Hill, Donna, American Visions
When I think of summer, I see long, sultry nights and steamy days - the perfect combination for romantic getaway reading. During my travels, I will no doubt dig into the array of romance novels being written by so many talented African-American women. Their work is not only changing the hue of the industry, but, more importantly, bringing forth stories that reflect us in positive, affirming images.
On the top of my list is Between the Lines (Pinnacle, 1996), by Angela Benson, a lighthearted love story of two childhood friends who have every intention of getting their grandchildren together, whether they like it or not. I will also reread Gwynne Forster's unforgettable first novel, Sealed With a Kiss (Pinnacle, 1995), while I eagerly await her upcoming title, Against All Odds (Pinnacle, 1996), the story of two lovers who find themselves embroiled in a 75-year-old family feud.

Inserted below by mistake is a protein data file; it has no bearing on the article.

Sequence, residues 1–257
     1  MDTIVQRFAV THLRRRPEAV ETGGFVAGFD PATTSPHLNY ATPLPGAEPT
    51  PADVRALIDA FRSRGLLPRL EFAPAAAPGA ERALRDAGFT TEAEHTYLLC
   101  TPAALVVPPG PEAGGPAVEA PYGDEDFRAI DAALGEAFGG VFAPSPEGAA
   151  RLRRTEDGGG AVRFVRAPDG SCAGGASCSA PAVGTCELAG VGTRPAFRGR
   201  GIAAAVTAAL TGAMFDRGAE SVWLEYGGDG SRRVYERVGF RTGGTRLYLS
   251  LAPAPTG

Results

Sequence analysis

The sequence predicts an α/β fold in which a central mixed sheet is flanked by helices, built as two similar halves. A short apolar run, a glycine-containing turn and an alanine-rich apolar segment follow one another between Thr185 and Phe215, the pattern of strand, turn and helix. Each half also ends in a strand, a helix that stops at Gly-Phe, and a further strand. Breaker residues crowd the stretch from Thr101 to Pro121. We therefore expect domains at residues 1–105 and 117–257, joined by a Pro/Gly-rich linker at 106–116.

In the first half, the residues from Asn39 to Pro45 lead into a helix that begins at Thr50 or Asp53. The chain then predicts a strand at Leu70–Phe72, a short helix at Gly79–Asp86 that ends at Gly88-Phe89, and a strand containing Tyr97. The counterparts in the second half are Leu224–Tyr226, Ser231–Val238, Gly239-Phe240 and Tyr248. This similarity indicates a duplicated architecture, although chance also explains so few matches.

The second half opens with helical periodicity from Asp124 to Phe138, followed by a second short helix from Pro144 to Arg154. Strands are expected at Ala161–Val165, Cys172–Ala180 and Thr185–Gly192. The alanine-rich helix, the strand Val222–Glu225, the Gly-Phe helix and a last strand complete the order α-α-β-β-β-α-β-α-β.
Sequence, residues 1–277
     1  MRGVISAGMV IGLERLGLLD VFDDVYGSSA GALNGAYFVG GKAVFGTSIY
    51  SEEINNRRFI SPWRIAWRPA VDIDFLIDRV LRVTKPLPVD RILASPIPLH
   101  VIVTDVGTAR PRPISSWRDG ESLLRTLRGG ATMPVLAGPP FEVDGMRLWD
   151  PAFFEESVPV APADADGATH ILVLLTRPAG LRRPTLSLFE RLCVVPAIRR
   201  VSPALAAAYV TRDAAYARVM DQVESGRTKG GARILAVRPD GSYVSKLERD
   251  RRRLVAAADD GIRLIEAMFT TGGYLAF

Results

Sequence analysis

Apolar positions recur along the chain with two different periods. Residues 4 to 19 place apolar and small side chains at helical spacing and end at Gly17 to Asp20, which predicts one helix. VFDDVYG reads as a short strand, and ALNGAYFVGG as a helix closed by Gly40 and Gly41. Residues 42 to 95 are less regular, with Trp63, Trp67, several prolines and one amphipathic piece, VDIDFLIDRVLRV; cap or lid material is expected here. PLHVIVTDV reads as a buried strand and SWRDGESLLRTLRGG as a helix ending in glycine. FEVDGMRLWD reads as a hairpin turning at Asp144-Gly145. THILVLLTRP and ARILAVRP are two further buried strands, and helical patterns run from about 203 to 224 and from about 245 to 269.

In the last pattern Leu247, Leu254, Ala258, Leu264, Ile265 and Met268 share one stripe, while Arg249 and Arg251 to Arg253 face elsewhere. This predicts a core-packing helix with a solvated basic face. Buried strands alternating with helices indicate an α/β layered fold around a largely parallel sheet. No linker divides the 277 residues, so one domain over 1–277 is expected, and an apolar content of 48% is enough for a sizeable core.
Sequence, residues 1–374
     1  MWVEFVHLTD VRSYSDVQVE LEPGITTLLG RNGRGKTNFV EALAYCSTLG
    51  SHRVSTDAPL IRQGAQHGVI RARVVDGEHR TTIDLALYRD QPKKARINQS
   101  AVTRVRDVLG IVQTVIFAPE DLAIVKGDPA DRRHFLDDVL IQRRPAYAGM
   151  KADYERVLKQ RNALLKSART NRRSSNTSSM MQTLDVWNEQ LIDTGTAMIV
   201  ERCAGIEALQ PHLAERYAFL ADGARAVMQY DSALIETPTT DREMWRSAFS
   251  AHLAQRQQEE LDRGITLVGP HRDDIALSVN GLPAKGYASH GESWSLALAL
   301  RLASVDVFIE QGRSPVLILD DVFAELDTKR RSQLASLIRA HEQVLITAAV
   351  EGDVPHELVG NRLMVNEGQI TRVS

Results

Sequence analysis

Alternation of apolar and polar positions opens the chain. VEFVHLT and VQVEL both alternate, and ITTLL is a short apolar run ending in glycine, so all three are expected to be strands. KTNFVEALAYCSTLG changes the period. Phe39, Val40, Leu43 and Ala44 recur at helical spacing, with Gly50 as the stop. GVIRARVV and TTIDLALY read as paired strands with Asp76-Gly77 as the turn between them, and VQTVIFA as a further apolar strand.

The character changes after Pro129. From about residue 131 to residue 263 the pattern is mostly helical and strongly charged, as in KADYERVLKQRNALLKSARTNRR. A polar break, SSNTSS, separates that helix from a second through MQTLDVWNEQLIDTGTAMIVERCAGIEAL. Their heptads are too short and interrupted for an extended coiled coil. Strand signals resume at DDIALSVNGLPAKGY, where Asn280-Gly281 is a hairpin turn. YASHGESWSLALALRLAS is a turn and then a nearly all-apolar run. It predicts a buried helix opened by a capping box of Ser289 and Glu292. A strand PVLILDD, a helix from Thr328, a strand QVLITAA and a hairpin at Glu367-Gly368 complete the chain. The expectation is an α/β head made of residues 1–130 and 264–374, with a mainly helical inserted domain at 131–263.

During my summer solstice, I intend to take a trip back to a simpler time in our rich history, with Anita Richmond Bunkley's Wild Embers (Dutton, 1995). As quickly as I finish Anita's book, I will immerse myself in Sandra Kitt's Significant Others (Signet, 1996), a moving story that reveals the intricacies of relationships and the life-altering impact that each of the characters has on the others.
Without fail, I will read one of my favorite authors of romantic suspense, Margie Walker, whose latest title, indiscretions (Pinnacle, 1996), will certainly rival her previous three offerings. The story unveils the dark secrets of the lawyer-client relationship and all the fireworks that go along with it.
To top off my romantic interlude, I will read Shirley Hailstock's White Diamonds (Pinnacle, 1996), which is guaranteed to keep me enthralled, following the twists and turns of the caverns of government secrets that threaten to topple basic American freedoms. …